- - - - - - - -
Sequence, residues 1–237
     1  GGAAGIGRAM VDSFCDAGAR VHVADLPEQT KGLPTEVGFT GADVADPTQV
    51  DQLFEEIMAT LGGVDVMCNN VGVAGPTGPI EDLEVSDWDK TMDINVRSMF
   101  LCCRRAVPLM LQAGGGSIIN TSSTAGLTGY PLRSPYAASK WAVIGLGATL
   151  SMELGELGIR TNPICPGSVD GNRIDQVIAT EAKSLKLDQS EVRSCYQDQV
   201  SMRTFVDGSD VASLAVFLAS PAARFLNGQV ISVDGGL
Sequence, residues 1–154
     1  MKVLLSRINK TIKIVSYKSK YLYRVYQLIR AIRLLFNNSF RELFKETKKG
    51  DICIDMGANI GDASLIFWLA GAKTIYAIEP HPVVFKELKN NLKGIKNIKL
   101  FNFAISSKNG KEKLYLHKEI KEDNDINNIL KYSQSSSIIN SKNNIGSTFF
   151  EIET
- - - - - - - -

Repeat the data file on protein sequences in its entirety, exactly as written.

Sequence, residues 1–237
     1  GGAAGIGRAM VDSFCDAGAR VHVADLPEQT KGLPTEVGFT GADVADPTQV
    51  DQLFEEIMAT LGGVDVMCNN VGVAGPTGPI EDLEVSDWDK TMDINVRSMF
   101  LCCRRAVPLM LQAGGGSIIN TSSTAGLTGY PLRSPYAASK WAVIGLGATL
   151  SMELGELGIR TNPICPGSVD GNRIDQVIAT EAKSLKLDQS EVRSCYQDQV
   201  SMRTFVDGSD VASLAVFLAS PAARFLNGQV ISVDGGL
Sequence, residues 1–154
     1  MKVLLSRINK TIKIVSYKSK YLYRVYQLIR AIRLLFNNSF RELFKETKKG
    51  DICIDMGANI GDASLIFWLA GAKTIYAIEP HPVVFKELKN NLKGIKNIKL
   101  FNFAISSKNG KEKLYLHKEI KEDNDINNIL KYSQSSSIIN SKNNIGSTFF
   151  EIET